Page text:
Essential Amino Acids

Essential Amino Acids

amino acid molecule

Components of Protein

Proteins are organic compounds made up of building blocks called “amino acids.” ("Amino" means that they contain nitrogen.) There are about 20 common amino acids. Nine of them are considered “essential” because the body cannot make them, and therefore, they must be supplied by the food we eat.

This information is important to you because,if your diet does not contain enough of these particular amino acids, you may suffer the effects of protein deficiency.

Protein that comes from animal foods generally will contain all of the amino acids necessary to make a complete protein.

However, protein supplied by plant foods usually does not contain all of the essential amino acids and is often called "incomplete protein."

Those who consume a vegetarian diet, can still get complete proteins by combining two or more types of plant-based or non-meat protein to make a complete protein.

Here is a list of the nine essential amino acids. These are the ones that your body cannot make on its own.










The following are amino acids that your body can produce from nitrogen, carbohydrates and fat. These are not considered "essential" since your body can manufacture them.




Aspartic acid


Glutamic acid






Here is a list of complementary proteins, i.e. proteins that when eaten together become complete.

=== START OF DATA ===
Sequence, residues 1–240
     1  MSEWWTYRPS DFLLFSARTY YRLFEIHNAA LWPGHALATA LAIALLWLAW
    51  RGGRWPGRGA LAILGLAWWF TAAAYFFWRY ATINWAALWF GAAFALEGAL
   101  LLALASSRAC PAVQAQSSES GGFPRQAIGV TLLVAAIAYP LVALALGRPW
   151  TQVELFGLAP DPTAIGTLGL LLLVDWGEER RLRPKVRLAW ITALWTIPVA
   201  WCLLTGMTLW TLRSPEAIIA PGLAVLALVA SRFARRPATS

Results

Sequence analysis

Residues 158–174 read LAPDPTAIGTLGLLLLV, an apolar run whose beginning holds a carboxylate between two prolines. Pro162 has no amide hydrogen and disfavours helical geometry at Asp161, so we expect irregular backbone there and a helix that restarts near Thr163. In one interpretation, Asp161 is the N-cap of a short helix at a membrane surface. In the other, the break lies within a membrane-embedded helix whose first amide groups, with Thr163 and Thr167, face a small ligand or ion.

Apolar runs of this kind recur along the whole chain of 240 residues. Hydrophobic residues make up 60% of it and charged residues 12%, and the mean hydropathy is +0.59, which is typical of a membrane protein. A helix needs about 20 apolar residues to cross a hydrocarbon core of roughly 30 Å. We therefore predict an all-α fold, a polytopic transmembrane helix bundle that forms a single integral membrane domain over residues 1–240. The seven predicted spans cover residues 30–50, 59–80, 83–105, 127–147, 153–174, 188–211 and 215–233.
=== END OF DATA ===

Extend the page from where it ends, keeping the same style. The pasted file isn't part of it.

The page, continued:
Legumes... with Nuts

Legumes... with Grains

Legumes... with Seeds

Legumes... with Dairy

Grains... with Dairy

Nuts/Seeds... with Dairy

Nuts/Seeds... with Legumes

Dairy... with Nuts/Seeds and Legumes

It is generally believed by nutritionists that it is not necessary to eat these complementary proteins at the same meal.

What protein does for you

1. Building material for body tissues such as skin, bones, tendons, muscles, hair, nails and organs

2. Maintain proper fluid balance in and out of the cells

3. Promote proper pH of the body by buffering fluids

4. Major component of hormones, enzymes and antibodies

5. Needed for blood clotting

6. Acts as transporters carrying nutrients to all parts of the body

7. Provide energy and glucose for the brain when carbohydrate is unavailable for that purpose

Lack of protein

Severe protein deficiency is most often associated with starvation and malnutrition and is a major cause for concern in developing countries, especially among children. Thousands of children die every day from malnutrition, which includes inadequate protein intake.

However, deficiency can also occur even in developed countries, where it is usually associated with those in extreme poverty, the elderly, or those suffering with eating disorders, such as anorexia nervosa. It can also affect those addicted to drugs or alcohol who may use their resources on the addictions instead of food or suffer from poor appetite.

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